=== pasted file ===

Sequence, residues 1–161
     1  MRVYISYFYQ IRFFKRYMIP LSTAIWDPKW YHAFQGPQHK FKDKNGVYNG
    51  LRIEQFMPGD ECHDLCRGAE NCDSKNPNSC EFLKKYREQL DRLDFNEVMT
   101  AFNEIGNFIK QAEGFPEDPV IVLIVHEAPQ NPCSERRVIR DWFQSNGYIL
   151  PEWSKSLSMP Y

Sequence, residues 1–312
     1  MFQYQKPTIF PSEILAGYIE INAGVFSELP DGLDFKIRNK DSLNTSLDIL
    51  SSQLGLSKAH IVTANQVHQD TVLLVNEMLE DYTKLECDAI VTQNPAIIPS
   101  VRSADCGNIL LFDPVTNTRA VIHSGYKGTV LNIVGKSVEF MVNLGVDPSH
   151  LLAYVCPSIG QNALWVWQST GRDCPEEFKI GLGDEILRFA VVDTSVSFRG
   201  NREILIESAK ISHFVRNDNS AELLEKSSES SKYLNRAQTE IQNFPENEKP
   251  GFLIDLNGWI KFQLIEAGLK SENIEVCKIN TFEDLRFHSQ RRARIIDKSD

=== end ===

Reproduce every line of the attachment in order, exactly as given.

Sequence, residues 1–161
     1  MRVYISYFYQ IRFFKRYMIP LSTAIWDPKW YHAFQGPQHK FKDKNGVYNG
    51  LRIEQFMPGD ECHDLCRGAE NCDSKNPNSC EFLKKYREQL DRLDFNEVMT
   101  AFNEIGNFIK QAEGFPEDPV IVLIVHEAPQ NPCSERRVIR DWFQSNGYIL
   151  PEWSKSLSMP Y

Sequence, residues 1–312
     1  MFQYQKPTIF PSEILAGYIE INAGVFSELP DGLDFKIRNK DSLNTSLDIL
    51  SSQLGLSKAH IVTANQVHQD TVLLVNEMLE DYTKLECDAI VTQNPAIIPS
   101  VRSADCGNIL LFDPVTNTRA VIHSGYKGTV LNIVGKSVEF MVNLGVDPSH
   151  LLAYVCPSIG QNALWVWQST GRDCPEEFKI GLGDEILRFA VVDTSVSFRG
   201  NREILIESAK ISHFVRNDNS AELLEKSSES SKYLNRAQTE IQNFPENEKP
   251  GFLIDLNGWI KFQLIEAGLK SENIEVCKIN TFEDLRFHSQ RRARIIDKSD